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When I performed in plays throughout college, I maintained a pre-show ritual. I’d arrive backstage early and start penning thank-you notes to my fellow cast mates (mostly adorned with puns, cat pictures and the like.) I’d write lines such as, “Our show’s finally opening! You have cat to be kitten me right now!” While it wasn’t mandatory for me to write these notes (especially since I’d usually only get chocolate treats from my fellow actors), I did it because I wanted them to know I enjoy working with them and learning from them. It was a way for me to stand out among the other cast members.

Unlike the notes I sent, post-interview thank yous are a required gesture – that is, if you want to be in the running to get the job. A targeted and strategic thank-you note can effectively elevate your candidate status while displaying your flawless follow-up skills.

Here are five quick tips for crafting a winning thank-you note:

1. Be mindful of timing
Avoid sending your thank-you note two weeks or even two days post-interview. This is about as strategic as sending a thank-you note to your grandma today for that Snuggie you got for Christmas back in ’06. Instead, send an email within the first 24 hours post-interview, and then if you want to send a handwritten card too, you have a little more breathing room (but again, still send it as soon as possible).

2. Strategize your gratitude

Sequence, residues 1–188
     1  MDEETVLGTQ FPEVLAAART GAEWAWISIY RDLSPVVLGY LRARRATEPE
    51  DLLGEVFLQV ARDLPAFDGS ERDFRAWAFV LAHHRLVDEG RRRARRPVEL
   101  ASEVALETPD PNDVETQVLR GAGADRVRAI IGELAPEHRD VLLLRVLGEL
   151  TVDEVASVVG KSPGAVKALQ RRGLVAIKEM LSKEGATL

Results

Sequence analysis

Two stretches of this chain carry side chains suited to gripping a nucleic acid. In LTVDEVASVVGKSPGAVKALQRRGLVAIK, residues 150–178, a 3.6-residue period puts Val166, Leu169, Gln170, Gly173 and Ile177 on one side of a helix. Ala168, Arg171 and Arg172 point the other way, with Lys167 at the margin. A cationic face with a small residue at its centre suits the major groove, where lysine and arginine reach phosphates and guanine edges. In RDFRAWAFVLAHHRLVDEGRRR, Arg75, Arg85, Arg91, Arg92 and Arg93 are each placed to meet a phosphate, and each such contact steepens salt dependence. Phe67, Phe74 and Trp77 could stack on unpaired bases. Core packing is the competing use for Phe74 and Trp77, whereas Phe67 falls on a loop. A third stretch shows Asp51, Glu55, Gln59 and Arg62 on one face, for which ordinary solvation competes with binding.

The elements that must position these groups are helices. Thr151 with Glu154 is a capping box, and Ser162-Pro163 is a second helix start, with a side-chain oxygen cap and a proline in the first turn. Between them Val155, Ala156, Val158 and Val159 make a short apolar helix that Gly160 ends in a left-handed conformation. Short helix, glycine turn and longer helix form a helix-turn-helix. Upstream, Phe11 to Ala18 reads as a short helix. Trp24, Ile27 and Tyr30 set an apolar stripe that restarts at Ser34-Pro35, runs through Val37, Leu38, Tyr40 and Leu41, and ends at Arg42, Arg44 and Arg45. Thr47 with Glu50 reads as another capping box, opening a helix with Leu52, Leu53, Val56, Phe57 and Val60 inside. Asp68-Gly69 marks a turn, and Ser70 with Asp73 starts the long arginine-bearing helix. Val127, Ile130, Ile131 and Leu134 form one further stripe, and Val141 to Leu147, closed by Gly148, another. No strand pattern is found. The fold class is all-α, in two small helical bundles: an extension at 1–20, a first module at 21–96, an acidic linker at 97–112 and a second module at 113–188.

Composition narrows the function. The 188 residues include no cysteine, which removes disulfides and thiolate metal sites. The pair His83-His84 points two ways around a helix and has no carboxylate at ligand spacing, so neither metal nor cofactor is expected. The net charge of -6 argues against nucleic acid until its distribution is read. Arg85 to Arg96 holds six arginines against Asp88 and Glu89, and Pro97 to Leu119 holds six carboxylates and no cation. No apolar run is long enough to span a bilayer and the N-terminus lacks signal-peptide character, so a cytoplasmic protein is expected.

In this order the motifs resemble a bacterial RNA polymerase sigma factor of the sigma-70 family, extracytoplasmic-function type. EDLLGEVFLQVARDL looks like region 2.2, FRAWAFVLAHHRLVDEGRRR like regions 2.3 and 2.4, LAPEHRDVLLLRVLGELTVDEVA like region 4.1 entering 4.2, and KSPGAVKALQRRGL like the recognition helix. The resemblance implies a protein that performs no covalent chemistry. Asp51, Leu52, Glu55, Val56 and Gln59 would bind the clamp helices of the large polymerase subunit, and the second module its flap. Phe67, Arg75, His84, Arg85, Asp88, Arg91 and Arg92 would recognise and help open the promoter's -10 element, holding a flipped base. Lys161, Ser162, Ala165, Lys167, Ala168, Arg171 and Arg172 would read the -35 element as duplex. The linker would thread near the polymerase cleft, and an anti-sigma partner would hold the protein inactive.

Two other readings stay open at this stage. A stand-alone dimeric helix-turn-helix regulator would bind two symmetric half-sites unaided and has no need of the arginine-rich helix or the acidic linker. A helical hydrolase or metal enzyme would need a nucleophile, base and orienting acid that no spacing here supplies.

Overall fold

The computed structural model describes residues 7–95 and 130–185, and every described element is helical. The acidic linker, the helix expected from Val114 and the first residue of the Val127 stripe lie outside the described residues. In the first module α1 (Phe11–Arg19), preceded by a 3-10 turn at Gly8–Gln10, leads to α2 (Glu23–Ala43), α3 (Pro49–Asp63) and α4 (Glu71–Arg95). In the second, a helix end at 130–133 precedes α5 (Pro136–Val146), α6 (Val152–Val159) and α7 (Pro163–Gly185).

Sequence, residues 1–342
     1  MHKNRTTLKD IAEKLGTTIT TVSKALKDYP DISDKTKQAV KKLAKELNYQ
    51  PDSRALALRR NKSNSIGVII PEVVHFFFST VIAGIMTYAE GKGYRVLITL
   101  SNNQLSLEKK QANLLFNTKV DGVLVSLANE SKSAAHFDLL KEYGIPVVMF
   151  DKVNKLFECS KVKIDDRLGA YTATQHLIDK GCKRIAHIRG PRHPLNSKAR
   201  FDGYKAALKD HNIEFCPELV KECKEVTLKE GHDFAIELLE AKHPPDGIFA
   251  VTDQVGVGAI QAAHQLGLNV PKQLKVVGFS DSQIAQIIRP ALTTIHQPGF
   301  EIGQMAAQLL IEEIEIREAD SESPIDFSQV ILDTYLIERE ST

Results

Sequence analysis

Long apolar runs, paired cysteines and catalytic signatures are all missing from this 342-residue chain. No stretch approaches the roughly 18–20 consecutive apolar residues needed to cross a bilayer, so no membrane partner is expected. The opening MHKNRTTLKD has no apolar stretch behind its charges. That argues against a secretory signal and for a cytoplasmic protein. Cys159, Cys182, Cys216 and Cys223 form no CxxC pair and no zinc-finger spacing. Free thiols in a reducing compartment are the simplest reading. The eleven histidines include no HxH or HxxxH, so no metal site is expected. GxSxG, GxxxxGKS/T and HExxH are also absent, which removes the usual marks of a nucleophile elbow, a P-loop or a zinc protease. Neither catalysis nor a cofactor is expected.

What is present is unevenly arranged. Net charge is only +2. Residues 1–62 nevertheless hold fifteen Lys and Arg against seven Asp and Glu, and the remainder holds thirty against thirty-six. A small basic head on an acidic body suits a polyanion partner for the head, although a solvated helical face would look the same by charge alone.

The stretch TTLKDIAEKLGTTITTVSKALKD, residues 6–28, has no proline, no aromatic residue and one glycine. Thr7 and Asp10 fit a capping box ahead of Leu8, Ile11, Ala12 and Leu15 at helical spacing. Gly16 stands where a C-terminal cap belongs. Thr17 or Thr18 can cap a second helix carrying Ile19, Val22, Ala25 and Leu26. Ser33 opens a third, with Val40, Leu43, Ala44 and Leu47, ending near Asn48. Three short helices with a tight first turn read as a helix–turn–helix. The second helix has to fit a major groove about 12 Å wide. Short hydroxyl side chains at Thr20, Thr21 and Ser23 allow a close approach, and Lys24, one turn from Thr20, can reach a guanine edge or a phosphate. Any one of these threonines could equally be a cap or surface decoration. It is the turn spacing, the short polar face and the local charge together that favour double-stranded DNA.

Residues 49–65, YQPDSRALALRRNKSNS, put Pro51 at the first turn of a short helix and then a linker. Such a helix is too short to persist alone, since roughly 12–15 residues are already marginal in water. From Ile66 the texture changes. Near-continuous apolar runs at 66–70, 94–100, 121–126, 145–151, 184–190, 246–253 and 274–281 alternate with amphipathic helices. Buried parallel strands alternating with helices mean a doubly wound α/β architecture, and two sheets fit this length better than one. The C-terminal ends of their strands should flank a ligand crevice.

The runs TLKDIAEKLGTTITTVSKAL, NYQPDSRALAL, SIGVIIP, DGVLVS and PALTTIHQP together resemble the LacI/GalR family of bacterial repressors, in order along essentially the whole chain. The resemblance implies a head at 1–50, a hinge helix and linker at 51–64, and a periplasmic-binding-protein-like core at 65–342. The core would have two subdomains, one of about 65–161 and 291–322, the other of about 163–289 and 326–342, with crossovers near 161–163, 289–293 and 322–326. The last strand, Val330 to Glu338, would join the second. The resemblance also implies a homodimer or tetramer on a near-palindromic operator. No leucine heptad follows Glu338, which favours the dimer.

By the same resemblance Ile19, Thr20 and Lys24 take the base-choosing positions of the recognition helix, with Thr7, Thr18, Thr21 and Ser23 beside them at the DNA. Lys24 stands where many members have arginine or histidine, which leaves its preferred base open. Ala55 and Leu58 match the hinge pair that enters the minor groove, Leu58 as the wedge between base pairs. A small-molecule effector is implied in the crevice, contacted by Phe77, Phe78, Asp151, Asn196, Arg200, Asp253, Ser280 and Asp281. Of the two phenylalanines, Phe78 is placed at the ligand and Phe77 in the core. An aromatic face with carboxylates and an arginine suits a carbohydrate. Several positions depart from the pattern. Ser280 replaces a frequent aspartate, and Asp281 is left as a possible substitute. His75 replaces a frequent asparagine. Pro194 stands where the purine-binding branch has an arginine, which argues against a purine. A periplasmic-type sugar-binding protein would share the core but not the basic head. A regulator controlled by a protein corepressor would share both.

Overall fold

Let’s say you sent this as a follow up after your interview:

Dear hiring manager,

Thank you for meeting with me to interview for the candy tester position. It was my treat!

Sincerely,

Garfield

While nice, and a good use of a pun, a general “canned” thank-you note isn’t going to get you to the next stage of the interview process.

So, what’s the difference between a thank-you note that is interpreted as a nice gesture, and one that can tip the scales in your favor? Strategy. An effective thank you not only thanks the interviewer for his time, but it reiterates the reason why you’re the right candidate for the position. Highlight your strengths and restate the potential value you can bring to the organization. And if you are interviewing for several positions at once, make sure your follow up does not sound generic.

3. Bring up what was discussed
Another important part of a follow-up note is bringing it back to what you discussed during the interview. What are some projects the hiring manager mentioned in the interview process? How can you specifically contribute to these current projects and what are some instances of past successes that may exemplify these skills?

4. Fill in the blanks
Was there anything you meant to bring up during the interview but it slipped your mind? The thank-you note is the perfect place to bring up any points not discussed with the interviewer. Or perhaps you had some trouble answering one of the interviewer’s questions – the follow-up gives you a chance to clarify your response. Don’t write a novel, but short and sweet isn’t always the best approach either. Strike a balance that fills in the blanks from the interview while maintaining clarity and conciseness.

5. Add a personal touch
To stand out among other candidates, considering mentioning a personal connection in addition to reiterating your valuable skills. Noting your mutual fondness of home brewing and “House of Cards” can remind the interviewer of who you are as a person, hopefully igniting an interest in cultivating a work relationship.

When making any personal references, listen to your intuition. If your interviewer was curt and to the point, then let that inform the tone of your note. If she was easygoing and the interview was more conversational, then reflect that energy. Managers hire people for their skills, but they also want to hire people who seem like a cultural fit too.

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